Whether you're looking for a quick bite between panels, an iconic New York experience or just a casual sit-down after a busy day, these diverse restaurant options have you covered.
At the Javits Center
The Food Court at the Javits Center offers a variety of cuisines and price ranges to suit any BroadwayCon attendee. According to the venue, there are both permanent and temporary food outlets located on Level 1 and Level 3. NOTE: The scheduling of the food outlets varies from day to day.
From Italian by Grazie Italiano to burgers at West Side Grill, from sushi at Mai Sushi to to the Mexicana Cantina, there’s no gastro-stone unturned in this sprawling food court.
This may be the best place to stop for a coffee or snack, since it includes Lavazza and the Concourse Café.
For more sit-down dining, check out the specialty burgers and hearty chicken sandwiches at the Crystal Palace Grill; try the fresh guacamole and authentic Mexican dishes at Tortugas Voladoras; get a taste of Korea at Asian Vegan Tacos; go for pizza or filling deli sandwiches at Red Sauce Italian.
For a full listing of Javits Center offerings, visit JavitsCenter.com.
A tribute to Josephine Baker, features a delectable French menu and live piano music. The restaurant captures that certain je ne sais quoi of 1930s Paris, and is relatively close to the Javits Center. If you’re looking for a reasonably-priced, but still scrumptious lunch Monday–Friday, this is your spot. The venue also offers dinner a la carte and prix fixe, and brunch on the weekends. 414 W. 42nd St (between Ninth and Tenth Aves)
You’re almost guaranteed to spot a celebrity at this stalwart, especially if you avoid the pre-show tourist throngs and go for lunch. (As you peer around, don’t miss the posters lining the walls — they’re an homage to short-lived Broadway turns.) Most of the menu errs on the American classic side, with filling staples like a brisket au jus sandwich and meatloaf. 326 W. 46th St (between Eighth and Ninth Aves)
Glass House Tavern
Craig Cupani’s New American menu emphasizes seasonal ingredients and includes a host of local touches, including Catskills trout and Long Island duck. Take advantage of the lunch and dinner Restaurant Week meals, which include three courses for $25 and $38 respectively. It's also a popular post-show spot for Broadway cast members. 252 W. 47th St (between Eighth Ave and Broadway)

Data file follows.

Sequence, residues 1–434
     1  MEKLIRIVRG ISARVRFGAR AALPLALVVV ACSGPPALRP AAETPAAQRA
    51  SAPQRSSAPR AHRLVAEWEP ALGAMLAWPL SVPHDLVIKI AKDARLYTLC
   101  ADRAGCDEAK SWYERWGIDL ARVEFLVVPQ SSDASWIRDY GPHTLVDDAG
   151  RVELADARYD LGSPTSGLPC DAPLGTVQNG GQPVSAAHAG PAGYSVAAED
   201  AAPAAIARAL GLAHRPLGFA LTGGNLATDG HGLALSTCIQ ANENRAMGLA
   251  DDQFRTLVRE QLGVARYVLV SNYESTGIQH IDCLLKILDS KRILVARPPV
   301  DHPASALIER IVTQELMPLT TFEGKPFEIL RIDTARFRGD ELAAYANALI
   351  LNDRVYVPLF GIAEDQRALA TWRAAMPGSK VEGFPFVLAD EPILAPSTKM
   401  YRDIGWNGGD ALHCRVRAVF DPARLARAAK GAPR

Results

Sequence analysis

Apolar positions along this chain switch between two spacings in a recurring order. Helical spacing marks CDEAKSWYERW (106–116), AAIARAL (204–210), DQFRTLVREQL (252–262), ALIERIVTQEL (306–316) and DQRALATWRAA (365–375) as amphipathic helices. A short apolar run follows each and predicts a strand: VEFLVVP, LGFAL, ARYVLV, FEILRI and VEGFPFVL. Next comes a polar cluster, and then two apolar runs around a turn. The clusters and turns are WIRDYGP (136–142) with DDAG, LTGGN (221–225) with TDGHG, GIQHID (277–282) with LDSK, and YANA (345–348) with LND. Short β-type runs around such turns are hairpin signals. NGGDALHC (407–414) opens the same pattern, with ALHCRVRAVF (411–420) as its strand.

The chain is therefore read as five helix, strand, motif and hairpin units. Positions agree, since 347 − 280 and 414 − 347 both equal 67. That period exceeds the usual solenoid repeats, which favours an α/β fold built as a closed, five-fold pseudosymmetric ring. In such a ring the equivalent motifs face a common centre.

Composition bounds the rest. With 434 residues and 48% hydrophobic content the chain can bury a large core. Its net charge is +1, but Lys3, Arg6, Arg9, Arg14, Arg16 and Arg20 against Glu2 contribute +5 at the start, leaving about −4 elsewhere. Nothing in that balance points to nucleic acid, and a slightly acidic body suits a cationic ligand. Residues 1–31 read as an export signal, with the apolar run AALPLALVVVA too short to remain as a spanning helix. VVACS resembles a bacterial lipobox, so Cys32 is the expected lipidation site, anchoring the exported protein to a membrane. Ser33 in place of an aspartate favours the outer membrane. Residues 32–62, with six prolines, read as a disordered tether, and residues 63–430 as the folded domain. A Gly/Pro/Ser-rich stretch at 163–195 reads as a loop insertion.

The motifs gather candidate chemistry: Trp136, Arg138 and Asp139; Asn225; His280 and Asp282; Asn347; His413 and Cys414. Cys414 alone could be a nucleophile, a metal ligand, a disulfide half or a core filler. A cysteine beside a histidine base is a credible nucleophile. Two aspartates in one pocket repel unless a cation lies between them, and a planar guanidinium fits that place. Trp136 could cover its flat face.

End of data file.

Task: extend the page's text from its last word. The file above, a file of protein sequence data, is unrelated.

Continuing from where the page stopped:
Established in 1921, this restaurant and its legendary celeb caricatures have earned their icon status. Old-school dishes dominate the menu: Try the shrimp Sardi (jumbo shrimp in garlic sauce) or the signature cannelloni au gratin, which stuffs veal, beef and sweet pork sausage into a French crepe smothered in sherry-spiked tomato cream sauce. 234 W. 44th St (at Broadway)
Lillie’s Times Square
With polished wood fixtures brought over from Belfast, this Irish bar feels plucked from the Victorian Era. Wash down elevated pub fare (homemade mozzarella bites, bourbon pulled-pork nachos, shepherd’s pie) with one of the domestic or international beers (30 on tap and 30 more by the bottle). A popular after-show hangout, it is just across the street from The Book of Mormon. 249 W. 49th St (at Eighth Ave)
Don’t Tell Mama
Four venues in one, this spot houses a no-cover piano bar, a restaurant, and two cabaret lounges. Seating at the shows can be tight, but the only-in-NYC experiences are worth it, especially award-winning impersonator Rick Skye's Liza Live! — a must for any Minnelli admirer. The restaurant’s varied menu changes seasonally, but certain staples (shrimp fra diavolo, chicken piccata) remain year-round. 343 W. 46th St (at Ninth Ave)
E&E Grill House
In most cases, “affordable steakhouse” would be an oxymoron, but the owners of this restaurant keep the bulk of their menu at accessible price points and include a side with each of their meat and fish entrees. Split an order of parmesan-truffle or sweet potato fries for an extra treat. If you take in a show, present your ticket and Playbill for 10 percent off food. 233 W. 49th St (at Broadway)